- Visit our Chicken Welfare website -

istock_3833363medium
HOMEFARM ANIMALS PIG WELFARE

PIG WELFARE

Tail docking and enrichment

Council Directive 2008/120/EC, laying down minimum requirements for the welfare of pigs kept for farming purposes in the EU requires that all pigs be given environmental enrichment (manipulable materials) to keep them purposefully occupied and provide appropriate stimuli to satisfy their inquisitive nature. The Directive also explicitly prohibits the routine tail docking of pigs. Tail docking can be avoided by providing appropriate enrichment materials and by adapting management to minimise stress. In spite of the provisions laid down in the Directive, pigs are still routinely tail-docked in most European countries, with the notable exceptions of Sweden and Finland. Download our briefing on the Pigs Directive for the aspects concerning tail docking and enrichment (link).

The European Commission is aware of the widespread violations to pig welfare legislation, and has recently decided to take a “soft” approach to increase compliance with the ban on routine tail docking and the provision of environmental enrichment. As a first step, in March 2016 DG SANTE published a Recommendation (Link) and Staff Working Document (link) clarifying some important aspects of the Pigs Directive concerning enrichment and tail docking. These documents constitute an important basis for the competent authorities of Member States to increase the degree of implementation of the Directive.

As a second step, the Food and Health Audits and Analysis Unit (F2) of DG SANTE (previously known as the Food and Veterinary Office), has been charged of drawing up an action plan for the next 3 years that will hopefully lead to full implementation of the Directive. In extreme cases the Commission has announced that it will launch infringements procedures.

Eurogroup for Animals is closely monitoring the process and will continue to lobby and campaign for mutilation-free pig farming in the EU.

Castration

pig-direct-stare

Regrettably, Council Directive 2008/120/EC still allows the surgical castration of male piglets without anaesthesia or analgesia until the 7th day of life. However, not only is the procedure questionable from an ethical and animal welfare perspective, but alternatives to surgical castration are already available and in use in several Member States. These options should be encouraged and promoted, and market barriers finally removed, so that surgical castration can become a thing of the past.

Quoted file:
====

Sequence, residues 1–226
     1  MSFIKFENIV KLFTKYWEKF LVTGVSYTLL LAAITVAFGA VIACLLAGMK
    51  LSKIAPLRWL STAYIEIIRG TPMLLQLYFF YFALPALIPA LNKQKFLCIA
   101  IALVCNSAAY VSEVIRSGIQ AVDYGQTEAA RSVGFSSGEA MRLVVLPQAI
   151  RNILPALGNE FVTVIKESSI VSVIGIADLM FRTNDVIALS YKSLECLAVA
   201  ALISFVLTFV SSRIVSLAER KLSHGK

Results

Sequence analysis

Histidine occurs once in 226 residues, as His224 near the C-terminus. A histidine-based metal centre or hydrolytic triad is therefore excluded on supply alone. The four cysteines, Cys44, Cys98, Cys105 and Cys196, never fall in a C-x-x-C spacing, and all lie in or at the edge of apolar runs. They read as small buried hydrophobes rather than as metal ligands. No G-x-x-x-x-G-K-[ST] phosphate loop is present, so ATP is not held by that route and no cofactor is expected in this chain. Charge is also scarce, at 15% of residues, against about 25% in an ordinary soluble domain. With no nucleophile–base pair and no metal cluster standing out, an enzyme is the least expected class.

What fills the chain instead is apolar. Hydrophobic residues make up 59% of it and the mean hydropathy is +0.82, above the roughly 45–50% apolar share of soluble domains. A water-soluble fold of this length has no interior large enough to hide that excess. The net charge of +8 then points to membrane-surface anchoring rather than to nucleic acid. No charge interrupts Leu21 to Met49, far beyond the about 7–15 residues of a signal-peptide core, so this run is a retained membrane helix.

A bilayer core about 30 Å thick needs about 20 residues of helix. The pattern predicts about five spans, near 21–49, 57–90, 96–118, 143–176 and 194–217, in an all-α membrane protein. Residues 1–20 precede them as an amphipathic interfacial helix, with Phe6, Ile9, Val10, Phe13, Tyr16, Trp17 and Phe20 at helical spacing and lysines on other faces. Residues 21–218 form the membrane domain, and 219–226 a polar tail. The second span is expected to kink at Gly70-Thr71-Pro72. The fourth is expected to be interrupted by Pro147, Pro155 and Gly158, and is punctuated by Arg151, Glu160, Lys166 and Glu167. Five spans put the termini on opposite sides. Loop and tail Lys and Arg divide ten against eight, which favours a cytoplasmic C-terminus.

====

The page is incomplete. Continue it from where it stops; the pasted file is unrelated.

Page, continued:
To address these issues, in 2010 the European Commission, with the support of the Belgian presidency of the Council of the European Union, established the “European Declaration on alternatives to surgical castration of pigs”. The Declaration is a voluntary commitment signed by 33 stakeholders of the pork chain (farmers, veterinarians, meat industry, NGOs, governmental bodies, researchers, etc.), and the final aim was to abandon surgical castration by 1 January 2018.

Eurogroup for Animals considers the phasing out of surgical piglet castration as a very important strategic objective. Consequently, we will continue to cooperate with other stakeholders and with DG SANTE towards the objectives of the European Declaration. However, we also believe that the situation calls for stronger actions and a revitalization of the political agenda concerning pig welfare. Therefore, we are collaborating with member organisations in key countries to accelerate the process.

Download our briefing on the European Declaration (link).

MEP Working Group on Pig Welfare

free-farrowing-and-weaning

The support of the European Parliament is crucial for securing a sustained political attention on the topic of pig welfare. Eurogroup for Animals is coordinating the MEP working group on Pig Welfare led by Jeppe Kofod (S&D Group) and belonging to the Intergroup for the Welfare and Conservation of Animals. This working group is committed to undertake all necessary actions to sensitise other MEPs, the European Commission and the Council about the importance of pushing for better standards of welfare in pig farming.